How to Write an Online Dating Profile

We met on a boat. Well, technically, we met on the beach. I was on the boat celebrating my birthday when a storm tossed me overboard and she—being a mermaid and all—rescued me and took me to shore.

Not buying it? Shoot. Well, we are still working on our meet-cute story.

I don’t know why we bother making it up in the first place. So, my wife and I met online. Big deal! These days, about one in five newlyweds met online. The stigma is gone. If you’re thinking about trying it out, I say go for it!

And while I don’t have a PhD on the subject, I do have a PhW (pretty hot wife #dadjokes). So, I must have done something right! Here are six tips—applicable for both men and women—that will help you create a winning online dating profile.


I believe it was Shakespeare who quipped, “A picture is worth a thousand emojis.”

Photos are the bread and butter of online dating profiles. If you’re not dedicated to presenting great pictures, then don’t bother with online dating. Pictures are so important, in fact, that I’ve broken this first tip into three subparts:

a. Smile!

No duckface. No impish grin. No sideways smirk. No smoldering, brooding gaze. And no mean-mugging, even if doing so playfully. I’m talkin’ a full-on, I-can-count-your-teeth smile.

Maybe one or two of your photos can mix it up (see subpart 1b) with your facial expressions, but ideally, the rest would all feature toothy smiles. Happiness is the most attractive thing on earth.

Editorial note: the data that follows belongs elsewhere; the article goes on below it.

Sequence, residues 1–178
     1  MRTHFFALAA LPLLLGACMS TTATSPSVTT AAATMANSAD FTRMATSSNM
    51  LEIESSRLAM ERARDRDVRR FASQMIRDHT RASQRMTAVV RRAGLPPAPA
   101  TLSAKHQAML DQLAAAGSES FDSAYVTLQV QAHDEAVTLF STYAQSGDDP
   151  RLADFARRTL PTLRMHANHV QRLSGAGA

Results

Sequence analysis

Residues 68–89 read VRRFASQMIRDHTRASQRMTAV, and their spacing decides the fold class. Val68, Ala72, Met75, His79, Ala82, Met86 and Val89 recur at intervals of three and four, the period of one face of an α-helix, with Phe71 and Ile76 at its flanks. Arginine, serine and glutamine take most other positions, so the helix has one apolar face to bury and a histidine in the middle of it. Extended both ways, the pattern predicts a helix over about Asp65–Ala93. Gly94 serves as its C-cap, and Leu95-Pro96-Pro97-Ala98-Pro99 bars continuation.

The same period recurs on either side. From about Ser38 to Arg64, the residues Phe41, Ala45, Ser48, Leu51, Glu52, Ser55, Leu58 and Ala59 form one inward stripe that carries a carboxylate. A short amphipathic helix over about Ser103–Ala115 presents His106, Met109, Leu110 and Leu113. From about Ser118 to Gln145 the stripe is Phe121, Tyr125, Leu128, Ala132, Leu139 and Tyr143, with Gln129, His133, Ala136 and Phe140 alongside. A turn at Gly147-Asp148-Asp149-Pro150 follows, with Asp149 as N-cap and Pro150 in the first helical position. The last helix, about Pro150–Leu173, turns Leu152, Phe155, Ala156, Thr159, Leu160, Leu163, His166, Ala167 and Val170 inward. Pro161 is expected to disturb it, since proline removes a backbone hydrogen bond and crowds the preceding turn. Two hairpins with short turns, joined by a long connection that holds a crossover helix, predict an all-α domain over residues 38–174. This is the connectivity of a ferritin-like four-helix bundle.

b. Mix It Up

Selfie in mirror, selfie in mirror, selfie in mirror holding your cute dog—okay, by now I’m beginning to think you have no friends.

When researching to buy a car online, I want to see more than just pictures of the grille. I want to see different angles, I want to see close-ups and wide pics, and I want to see the car enjoying its active hobbies or out having fun with other cars at cool places—dang, I think the metaphor is breaking down . . .

Regardless! You’re going to want to mix things up a bit. Your pictures are more than just a way to show how pretty or handsome you are. They are to give the potential love of your life a glimpse into your world, to see who you really are.

c. Your Profile Pic

The most important thing regarding your main profile picture is this: you want to be the only person in it. I shouldn’t have to guess—or dig deeper to find out—which totally cute lady out of six totally cute ladies in the picture is you.